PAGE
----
Of course the best Thai food I’ve eaten was in South Carolina, so New York doesn’t have a monopoly on fine Asian fare.
There are some shining lights in New York’s otherwise dull, tasteless image-driven restaurant scene. Henry’s End hosts an annual wild game festival starting in October and lasting through the holidays where I’ve sampled such exotic fare as Kangaroo, Elk and even Rattlesnake. The Doral Arrowwood aside from being an excellent weekend destination is home of the world’s finest Sunday brunch, which you can partake in even if you aren’t a guest.
But the one culinary extravagance that I will miss most is the DB Burger from DB Bistro Moderne. I never thought to bring along a camera on my restaurant excursions so I’ll present a picture taken by fellow DB Burger enthusiast Tone Chow:
As good as it looks, it tastes even better. The DB Burger is a decadently delightful combination of boneless short ribs braised in red wine, Foie Gras and black truffles stuffed in ground Angus. The bun is slathered with a out of this world horseradish mayonnaise and a tomato confit that complements the burger perfectly.
Don’t let the term “burger” fool you, this is knife and fork food and you’ll want to pair this with good dessert wine rather than a biggie coke. There is frankly not a way to convey exactly how delicious this meal is. All I can say is that if you’re around west 44th street for lunch this is the best $30 bucks you’ll ever spend.
Of course you can get the “Royale” which has double the truffle and costs $120 or so, which is still worth it. You don’t know decadence until you’ve eaten one of these and after you do it’ll change your whole perspective on what is and isn’t good food.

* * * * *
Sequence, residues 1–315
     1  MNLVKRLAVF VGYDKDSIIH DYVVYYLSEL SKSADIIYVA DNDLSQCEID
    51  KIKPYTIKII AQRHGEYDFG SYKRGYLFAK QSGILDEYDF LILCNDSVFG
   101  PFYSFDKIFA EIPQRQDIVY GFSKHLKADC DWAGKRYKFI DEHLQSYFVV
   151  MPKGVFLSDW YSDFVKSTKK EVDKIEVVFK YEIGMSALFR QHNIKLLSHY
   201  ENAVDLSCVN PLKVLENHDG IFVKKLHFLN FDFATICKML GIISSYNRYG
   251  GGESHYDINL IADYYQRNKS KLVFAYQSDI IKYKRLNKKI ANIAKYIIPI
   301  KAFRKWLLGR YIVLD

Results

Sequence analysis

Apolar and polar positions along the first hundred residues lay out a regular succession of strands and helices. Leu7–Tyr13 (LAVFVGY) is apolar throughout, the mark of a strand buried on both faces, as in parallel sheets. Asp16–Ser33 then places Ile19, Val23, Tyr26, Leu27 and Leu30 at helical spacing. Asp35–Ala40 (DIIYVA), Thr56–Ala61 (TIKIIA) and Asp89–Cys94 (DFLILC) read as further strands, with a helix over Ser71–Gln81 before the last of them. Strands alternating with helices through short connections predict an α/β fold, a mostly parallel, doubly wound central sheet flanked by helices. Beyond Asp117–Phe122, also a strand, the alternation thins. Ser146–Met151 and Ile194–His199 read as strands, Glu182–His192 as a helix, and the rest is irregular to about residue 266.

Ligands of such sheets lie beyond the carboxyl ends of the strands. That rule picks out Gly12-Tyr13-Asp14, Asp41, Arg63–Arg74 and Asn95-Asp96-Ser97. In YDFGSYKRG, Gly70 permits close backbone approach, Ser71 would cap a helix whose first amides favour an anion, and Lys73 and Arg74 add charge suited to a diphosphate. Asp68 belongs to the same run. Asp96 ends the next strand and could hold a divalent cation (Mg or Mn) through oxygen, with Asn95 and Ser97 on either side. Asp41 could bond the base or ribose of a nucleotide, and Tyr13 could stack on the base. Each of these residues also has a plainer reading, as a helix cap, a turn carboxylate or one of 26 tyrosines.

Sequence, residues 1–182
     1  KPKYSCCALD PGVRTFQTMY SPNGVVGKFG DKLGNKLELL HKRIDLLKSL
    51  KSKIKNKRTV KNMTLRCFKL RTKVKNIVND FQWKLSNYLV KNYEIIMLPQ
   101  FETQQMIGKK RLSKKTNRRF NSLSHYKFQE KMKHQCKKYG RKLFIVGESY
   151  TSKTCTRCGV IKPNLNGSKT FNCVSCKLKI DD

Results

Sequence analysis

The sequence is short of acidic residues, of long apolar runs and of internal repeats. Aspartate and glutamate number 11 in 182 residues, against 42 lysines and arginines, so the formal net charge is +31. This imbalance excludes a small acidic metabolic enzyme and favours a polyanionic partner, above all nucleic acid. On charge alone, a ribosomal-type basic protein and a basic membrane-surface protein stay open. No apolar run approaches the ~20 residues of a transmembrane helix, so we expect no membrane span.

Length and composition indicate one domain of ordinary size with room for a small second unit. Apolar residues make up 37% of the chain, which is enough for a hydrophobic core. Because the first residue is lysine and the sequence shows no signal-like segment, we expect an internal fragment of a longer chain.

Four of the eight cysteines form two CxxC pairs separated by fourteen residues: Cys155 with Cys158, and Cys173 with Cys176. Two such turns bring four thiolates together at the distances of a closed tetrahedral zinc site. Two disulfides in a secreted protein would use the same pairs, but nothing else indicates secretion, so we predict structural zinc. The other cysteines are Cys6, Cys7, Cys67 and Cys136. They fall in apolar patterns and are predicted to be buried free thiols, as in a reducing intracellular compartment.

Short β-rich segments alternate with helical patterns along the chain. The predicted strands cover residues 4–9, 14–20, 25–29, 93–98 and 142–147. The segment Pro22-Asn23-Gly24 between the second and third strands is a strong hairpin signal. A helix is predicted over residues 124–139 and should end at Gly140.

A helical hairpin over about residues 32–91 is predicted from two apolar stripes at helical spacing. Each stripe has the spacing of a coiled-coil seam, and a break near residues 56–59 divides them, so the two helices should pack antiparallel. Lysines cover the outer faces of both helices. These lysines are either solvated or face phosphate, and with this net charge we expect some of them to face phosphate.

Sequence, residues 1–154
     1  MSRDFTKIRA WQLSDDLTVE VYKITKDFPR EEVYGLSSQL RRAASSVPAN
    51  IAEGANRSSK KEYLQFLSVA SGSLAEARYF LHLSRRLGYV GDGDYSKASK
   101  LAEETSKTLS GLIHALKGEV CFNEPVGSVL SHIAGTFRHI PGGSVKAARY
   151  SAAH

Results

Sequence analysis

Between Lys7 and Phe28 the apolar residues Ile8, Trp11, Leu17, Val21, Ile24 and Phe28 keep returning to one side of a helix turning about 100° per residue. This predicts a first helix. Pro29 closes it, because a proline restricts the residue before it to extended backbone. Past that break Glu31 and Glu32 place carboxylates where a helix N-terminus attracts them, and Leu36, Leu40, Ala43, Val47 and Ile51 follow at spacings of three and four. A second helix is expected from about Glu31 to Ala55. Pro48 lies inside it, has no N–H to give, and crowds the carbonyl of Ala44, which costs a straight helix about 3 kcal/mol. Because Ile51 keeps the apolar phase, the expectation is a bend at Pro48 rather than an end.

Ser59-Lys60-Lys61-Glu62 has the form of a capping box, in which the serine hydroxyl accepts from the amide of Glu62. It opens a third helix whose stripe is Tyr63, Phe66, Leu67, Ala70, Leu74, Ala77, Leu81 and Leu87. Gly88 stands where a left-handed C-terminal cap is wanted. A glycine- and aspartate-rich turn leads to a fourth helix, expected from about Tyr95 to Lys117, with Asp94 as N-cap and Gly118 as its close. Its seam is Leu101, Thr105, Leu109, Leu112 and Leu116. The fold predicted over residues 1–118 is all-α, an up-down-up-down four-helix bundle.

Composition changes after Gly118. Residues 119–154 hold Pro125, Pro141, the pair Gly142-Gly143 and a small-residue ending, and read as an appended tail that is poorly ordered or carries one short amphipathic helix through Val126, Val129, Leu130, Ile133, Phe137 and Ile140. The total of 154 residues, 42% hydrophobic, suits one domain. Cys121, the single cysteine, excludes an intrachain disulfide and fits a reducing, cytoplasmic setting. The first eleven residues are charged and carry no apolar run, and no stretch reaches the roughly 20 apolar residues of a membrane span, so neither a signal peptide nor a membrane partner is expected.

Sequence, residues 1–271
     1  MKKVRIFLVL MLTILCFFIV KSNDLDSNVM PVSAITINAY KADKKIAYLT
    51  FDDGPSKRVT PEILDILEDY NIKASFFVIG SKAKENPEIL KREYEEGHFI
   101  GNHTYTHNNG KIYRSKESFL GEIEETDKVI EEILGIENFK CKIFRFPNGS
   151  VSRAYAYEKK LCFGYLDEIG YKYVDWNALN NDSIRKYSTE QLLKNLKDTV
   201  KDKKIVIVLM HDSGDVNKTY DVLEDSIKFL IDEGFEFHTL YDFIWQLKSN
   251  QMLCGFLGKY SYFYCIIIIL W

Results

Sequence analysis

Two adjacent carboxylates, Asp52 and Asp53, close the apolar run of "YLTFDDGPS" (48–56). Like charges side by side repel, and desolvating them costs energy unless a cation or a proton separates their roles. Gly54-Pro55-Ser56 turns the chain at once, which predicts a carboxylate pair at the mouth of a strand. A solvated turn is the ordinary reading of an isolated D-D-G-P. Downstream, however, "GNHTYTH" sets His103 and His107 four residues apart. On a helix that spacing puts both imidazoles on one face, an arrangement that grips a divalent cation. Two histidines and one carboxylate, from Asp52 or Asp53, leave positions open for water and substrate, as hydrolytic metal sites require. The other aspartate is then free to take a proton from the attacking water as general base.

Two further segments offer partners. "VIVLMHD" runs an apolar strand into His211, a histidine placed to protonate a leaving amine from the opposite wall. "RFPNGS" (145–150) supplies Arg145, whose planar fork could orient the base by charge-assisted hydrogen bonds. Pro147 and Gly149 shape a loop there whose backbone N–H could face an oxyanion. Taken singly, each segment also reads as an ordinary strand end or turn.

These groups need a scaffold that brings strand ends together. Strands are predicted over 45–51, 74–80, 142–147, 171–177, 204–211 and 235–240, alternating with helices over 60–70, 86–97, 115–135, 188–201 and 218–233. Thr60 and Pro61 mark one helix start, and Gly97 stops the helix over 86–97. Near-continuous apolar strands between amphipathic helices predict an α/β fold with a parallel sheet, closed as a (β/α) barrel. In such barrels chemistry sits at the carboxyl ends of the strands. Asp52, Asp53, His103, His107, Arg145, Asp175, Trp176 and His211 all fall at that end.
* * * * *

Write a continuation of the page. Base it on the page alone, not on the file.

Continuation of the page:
William Swislow is the author of The Gyros Project, an online gallery of 246 photographs of gyro signs. He explains:
Gyros signs — the hand-painted pictures found at hot dog stands, pizza parlors and Greek fast-food joints — are modern-day icons, literally: devotional images produced by anonymous artisans to bring the faithful into communion with the object of their fervor.
While the signs themselves had my mouth watering, it is Swislow’s description of “The Gyros Experience” that captures the true decadence of the gyro:
Gyros is supremely sloppy, and dangerously volatile. The afterglow of gyros suffuses your being, oozing through every pore to fill out your aura as well.
… Externally crispy, internally soft, it encompasses meat that is as sacramental in its mystery as it is greasy, the true composition of the beef-and-lamb blend hidden in the dripping hours on the spit.
The final kick that pushes the sandwich beyond guilty pleasure into whole-body experience can be found in its tangle of onions topped by a huge wad of yogurt-garlic sauce, with tomatoes the crucial buffer that keeps the rush of salt and grease and tartness just this side of manageable.
Read more at The Gyros Experience.